“Mismatch” — a taboo subject for the MSM

When Justice Scalia raised the issue of “mismatch” during oral argument in Fisher v. University of Texas at Austin, the mainstream media acted as if a stink bomb had exploded in the courtroom. Can it really be that serious reporters on legal affairs were unfamiliar with this carefully researched phenomenon?

Maybe so. Gerard Alexander, who teaches politics at the University of Virginia, offers a plausible explanation for the MSM’s apparent ignorance. He tells me that the New York Times, the Washington Post, and the Los Angeles Times all declined to review Mismatch by Richard Sander and Stuart Taylor, the best known popular exposition of the phenomenon. They did so despite the fact that (1) Taylor is a leading journalist on legal matters, (2) the book dealt with one of the most discussed and debated topics in America, and (3) it was published by Basic Books, among the most high profile and mainstream publishers around.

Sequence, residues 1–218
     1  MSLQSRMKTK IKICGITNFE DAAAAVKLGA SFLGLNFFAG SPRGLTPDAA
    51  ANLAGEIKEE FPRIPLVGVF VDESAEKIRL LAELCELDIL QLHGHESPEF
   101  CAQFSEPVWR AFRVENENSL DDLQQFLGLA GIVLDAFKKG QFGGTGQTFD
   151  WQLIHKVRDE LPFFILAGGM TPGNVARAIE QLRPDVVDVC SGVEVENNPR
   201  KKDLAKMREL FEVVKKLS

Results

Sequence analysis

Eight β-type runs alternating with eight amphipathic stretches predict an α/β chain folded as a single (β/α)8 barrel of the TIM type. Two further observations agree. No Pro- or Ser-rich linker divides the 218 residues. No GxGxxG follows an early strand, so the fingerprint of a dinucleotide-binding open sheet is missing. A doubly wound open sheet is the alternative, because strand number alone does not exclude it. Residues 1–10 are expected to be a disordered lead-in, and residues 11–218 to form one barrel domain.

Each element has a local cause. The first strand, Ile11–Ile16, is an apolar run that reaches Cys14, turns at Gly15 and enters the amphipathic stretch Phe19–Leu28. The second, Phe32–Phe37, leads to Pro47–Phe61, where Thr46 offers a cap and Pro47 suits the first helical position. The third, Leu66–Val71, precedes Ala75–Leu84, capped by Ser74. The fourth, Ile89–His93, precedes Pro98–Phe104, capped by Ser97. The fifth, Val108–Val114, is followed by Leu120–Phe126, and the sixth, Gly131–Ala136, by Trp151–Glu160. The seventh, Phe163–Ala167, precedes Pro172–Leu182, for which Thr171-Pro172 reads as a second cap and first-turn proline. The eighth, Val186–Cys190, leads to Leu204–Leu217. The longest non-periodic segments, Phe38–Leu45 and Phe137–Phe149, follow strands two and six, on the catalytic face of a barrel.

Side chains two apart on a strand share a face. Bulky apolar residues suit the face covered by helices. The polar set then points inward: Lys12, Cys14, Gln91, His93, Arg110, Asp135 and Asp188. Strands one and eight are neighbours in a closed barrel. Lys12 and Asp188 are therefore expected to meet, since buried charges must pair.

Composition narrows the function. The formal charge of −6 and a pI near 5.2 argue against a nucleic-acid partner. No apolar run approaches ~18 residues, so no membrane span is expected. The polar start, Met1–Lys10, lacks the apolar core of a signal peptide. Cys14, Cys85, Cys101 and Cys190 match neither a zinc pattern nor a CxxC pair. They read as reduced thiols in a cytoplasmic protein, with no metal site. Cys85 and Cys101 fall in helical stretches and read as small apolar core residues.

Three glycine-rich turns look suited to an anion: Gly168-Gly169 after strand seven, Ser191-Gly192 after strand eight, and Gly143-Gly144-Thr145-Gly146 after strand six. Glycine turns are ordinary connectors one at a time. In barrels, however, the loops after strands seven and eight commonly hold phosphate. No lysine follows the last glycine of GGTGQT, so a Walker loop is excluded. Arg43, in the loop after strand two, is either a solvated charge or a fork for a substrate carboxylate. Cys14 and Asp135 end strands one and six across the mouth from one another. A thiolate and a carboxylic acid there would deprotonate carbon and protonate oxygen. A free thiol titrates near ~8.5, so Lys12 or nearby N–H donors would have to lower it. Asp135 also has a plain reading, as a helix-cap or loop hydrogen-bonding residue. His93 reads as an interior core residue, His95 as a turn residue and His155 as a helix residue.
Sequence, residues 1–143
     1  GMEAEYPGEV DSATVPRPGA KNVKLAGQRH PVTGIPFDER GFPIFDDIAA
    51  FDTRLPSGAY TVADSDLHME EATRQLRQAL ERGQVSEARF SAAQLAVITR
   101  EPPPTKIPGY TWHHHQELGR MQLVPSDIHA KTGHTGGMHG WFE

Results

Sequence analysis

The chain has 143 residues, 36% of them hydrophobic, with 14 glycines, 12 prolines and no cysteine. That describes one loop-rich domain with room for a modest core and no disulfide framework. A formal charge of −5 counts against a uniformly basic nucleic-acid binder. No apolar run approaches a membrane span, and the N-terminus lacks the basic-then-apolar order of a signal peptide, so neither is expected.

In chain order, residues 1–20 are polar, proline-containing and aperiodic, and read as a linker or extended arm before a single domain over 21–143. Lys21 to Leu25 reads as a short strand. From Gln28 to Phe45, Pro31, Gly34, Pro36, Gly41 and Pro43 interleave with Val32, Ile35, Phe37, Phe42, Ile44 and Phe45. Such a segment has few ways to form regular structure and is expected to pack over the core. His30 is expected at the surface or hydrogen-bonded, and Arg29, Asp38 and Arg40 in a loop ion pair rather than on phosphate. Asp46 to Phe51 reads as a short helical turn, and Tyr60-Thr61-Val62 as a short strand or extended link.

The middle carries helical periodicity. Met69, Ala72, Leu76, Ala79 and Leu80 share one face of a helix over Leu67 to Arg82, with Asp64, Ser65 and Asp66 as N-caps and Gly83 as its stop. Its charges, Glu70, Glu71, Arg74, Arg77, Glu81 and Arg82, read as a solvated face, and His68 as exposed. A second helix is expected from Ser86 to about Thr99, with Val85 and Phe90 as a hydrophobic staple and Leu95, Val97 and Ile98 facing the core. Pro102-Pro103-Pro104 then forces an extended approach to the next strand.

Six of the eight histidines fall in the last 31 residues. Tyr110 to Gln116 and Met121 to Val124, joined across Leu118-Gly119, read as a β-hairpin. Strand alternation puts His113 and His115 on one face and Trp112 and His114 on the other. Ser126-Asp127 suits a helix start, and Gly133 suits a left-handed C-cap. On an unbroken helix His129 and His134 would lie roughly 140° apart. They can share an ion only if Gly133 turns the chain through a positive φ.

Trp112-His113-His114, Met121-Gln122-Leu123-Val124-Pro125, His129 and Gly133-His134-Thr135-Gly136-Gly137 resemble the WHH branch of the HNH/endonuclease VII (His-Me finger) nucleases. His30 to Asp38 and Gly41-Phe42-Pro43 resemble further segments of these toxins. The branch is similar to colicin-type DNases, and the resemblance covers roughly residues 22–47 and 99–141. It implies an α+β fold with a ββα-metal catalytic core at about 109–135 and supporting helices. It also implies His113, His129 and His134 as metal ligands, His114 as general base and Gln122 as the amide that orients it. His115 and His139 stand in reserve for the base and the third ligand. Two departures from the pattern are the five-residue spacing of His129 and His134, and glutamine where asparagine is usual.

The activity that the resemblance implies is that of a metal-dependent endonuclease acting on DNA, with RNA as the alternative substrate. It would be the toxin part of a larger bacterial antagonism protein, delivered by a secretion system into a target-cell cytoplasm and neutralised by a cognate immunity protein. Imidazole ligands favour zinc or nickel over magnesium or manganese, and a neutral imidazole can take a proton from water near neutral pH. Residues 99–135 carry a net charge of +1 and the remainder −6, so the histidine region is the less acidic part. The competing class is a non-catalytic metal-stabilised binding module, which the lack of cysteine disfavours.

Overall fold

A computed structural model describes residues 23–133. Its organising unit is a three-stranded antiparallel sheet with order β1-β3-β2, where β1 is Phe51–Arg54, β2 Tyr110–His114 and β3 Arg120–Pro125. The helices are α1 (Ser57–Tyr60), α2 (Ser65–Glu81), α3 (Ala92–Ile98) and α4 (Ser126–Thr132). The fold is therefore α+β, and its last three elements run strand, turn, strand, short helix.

You would almost think that the arbiters of opinion wanted a blackout on the argument and the data Sander and Taylor presented.

When Gerard checked with Professor Sander to confirm what he (Gerard) told me, Sander said that in addition to the three newspapers cited above, the following MSM mainstays did not review Mismatch: Time, Newsweek, New Yorker, and New York Review of Books.

The leading publications that did review the book were: New Republic, Wall Street Journal, Claremont Review of Books, National Review, Washington Times, Washington Examiner, and American Spectator. You can see, then, how members of the MSM might be in the dark about “mismatch.”

Justice Scalia, it would appear, did more than discuss an issue that was briefed in the Fisher case. He broke an MSM taboo. No wonder wrath is raining down on him.


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